After visiting the two women in their Raleigh office, I can personally attest that the snacks are delicious and I’ve now consumed more snack foods for toddlers than I ever anticipated. 
 
“Our product has up to 12 months of shelf life,” Cantrell explains. “And we really make sure it’s a high quality product. We have third party audits, all of them certified. All of the claims we make are verified and legit.” 

The challenges of building a food company

A key challenge for Sweetie Pie has been finding co-packers to make the products—Cantrell wanted to work with large established companies that held high quality standards. But most of those required large volume orders that exceeded Sweetie Pie’s demand and financial ability. It took time to find the right partners willing to take a bet on a much smaller company. 
 
Today’s biggest challenge is competition—the women need to figure out how to take advantage of the rights to a first-of-its-kind product in the market.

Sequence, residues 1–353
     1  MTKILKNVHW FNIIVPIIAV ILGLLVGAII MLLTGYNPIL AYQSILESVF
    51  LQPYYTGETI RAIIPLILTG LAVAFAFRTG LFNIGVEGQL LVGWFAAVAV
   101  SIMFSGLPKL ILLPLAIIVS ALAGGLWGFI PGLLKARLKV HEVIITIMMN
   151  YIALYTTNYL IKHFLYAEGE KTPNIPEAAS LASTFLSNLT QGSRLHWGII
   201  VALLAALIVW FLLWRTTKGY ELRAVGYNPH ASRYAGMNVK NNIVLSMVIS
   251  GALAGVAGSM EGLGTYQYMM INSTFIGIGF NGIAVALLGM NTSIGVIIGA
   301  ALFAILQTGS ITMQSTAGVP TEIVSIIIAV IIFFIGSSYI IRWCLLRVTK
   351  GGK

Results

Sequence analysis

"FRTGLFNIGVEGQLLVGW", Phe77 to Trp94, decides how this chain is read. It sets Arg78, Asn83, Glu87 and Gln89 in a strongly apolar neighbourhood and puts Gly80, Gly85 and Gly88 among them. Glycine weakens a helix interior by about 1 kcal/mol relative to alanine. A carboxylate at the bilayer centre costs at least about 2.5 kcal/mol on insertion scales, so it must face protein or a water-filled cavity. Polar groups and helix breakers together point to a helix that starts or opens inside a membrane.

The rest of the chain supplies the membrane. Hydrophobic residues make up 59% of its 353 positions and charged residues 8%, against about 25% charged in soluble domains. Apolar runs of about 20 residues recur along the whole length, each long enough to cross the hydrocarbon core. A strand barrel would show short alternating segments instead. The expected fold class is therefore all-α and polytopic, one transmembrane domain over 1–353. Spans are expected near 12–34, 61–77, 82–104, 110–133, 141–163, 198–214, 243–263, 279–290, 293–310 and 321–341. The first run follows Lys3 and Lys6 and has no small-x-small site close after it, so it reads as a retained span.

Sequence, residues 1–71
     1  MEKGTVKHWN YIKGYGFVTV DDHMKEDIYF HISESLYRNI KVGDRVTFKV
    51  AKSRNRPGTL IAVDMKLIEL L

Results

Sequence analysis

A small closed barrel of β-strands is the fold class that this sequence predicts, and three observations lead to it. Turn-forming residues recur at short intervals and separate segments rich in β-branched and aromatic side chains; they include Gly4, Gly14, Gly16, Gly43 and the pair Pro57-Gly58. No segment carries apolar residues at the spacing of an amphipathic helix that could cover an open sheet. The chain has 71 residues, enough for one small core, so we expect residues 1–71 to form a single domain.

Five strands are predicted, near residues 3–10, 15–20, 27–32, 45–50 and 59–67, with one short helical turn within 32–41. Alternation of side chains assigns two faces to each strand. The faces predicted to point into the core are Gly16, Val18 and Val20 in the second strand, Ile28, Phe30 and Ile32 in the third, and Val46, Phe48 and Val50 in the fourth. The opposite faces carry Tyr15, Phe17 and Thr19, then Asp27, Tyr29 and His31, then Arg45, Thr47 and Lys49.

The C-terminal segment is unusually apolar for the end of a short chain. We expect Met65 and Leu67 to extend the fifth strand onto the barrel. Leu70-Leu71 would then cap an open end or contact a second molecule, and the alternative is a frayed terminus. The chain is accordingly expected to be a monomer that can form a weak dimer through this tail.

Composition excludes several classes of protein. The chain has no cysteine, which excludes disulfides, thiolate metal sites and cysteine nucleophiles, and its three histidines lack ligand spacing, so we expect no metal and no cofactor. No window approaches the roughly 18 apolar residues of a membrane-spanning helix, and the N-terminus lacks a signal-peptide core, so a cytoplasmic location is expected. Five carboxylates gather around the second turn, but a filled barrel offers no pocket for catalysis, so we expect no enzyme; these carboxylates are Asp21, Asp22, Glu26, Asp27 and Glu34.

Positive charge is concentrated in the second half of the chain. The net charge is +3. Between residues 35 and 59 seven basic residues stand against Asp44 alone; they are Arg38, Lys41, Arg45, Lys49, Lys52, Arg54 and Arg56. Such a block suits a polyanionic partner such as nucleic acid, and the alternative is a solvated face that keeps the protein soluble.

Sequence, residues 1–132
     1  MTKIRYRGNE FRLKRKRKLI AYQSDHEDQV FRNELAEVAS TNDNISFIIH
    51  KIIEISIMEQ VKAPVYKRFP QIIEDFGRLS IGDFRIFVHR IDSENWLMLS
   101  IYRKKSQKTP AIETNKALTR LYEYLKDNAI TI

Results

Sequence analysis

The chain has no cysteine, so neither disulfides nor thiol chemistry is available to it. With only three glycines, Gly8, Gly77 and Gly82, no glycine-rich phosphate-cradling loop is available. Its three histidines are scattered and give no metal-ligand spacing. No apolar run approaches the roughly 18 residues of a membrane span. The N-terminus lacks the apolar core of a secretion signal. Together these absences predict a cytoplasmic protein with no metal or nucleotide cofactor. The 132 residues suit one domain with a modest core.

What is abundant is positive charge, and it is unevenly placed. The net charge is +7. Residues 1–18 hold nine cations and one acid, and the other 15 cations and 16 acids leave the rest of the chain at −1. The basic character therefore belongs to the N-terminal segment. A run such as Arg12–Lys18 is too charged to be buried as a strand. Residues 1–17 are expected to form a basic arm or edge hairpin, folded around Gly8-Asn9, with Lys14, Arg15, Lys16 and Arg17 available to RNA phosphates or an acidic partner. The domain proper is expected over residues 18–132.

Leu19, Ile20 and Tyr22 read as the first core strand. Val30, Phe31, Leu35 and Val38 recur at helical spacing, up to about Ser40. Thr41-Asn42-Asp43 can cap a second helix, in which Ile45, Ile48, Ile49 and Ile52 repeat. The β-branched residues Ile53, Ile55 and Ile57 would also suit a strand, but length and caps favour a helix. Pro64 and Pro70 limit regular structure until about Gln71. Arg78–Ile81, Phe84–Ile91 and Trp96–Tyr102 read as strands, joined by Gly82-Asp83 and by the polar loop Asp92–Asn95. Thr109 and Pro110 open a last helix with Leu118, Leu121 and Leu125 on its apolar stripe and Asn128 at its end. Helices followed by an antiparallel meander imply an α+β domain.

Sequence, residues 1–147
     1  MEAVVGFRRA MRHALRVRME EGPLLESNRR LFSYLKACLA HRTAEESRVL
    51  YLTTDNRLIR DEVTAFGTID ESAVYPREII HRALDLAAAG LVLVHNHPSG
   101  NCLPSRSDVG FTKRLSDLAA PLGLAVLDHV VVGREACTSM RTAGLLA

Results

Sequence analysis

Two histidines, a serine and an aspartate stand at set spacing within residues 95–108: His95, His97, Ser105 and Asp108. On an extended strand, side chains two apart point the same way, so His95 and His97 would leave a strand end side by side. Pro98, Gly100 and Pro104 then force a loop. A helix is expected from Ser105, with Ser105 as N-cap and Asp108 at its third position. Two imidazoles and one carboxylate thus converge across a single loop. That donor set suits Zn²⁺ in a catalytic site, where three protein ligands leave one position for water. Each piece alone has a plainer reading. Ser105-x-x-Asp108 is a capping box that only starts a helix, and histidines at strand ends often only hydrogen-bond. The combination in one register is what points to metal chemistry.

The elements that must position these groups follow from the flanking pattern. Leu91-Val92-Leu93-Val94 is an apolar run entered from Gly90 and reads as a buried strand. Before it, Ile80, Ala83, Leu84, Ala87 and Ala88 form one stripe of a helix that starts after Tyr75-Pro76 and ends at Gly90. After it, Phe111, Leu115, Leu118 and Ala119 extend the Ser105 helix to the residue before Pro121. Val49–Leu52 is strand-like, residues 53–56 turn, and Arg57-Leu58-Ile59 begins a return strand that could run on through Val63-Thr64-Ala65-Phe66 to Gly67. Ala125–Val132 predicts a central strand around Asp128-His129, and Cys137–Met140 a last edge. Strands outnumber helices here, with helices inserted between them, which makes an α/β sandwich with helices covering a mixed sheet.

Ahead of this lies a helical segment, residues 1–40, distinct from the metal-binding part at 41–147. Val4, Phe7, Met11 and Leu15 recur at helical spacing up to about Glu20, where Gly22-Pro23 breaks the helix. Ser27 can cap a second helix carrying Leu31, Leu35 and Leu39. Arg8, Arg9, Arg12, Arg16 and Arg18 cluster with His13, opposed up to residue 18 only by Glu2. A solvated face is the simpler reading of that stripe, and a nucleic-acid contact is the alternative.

“In our dynamic market environment, it is not enough to offer a great product/problem solution,” Cantrell says. “The winner also needs to take products fast to market and be able to execute in time and within the budget.” 

Olga Kerr Sweetie Pie Organics
Olga Kerr is chief marketing officer of Sweetie Pie Organics, a kid snacks company in Raleigh. Credit: Sweetie Pie Organics
One way to do that is to both monitor the competition closely and to listen to feedback from customers. That’s Kerr’s job—to talk to moms and to build audiences on all the right channels online. Through Facebook, Instagram, online distribution channels (Amazon and Zulily), product demos and more, Sweetie Pie Organics takes iteration and improvement to heart. For instance, mothers thought the carrot teething wafers were too savory. So Sweetie Pie is adjusting the recipe.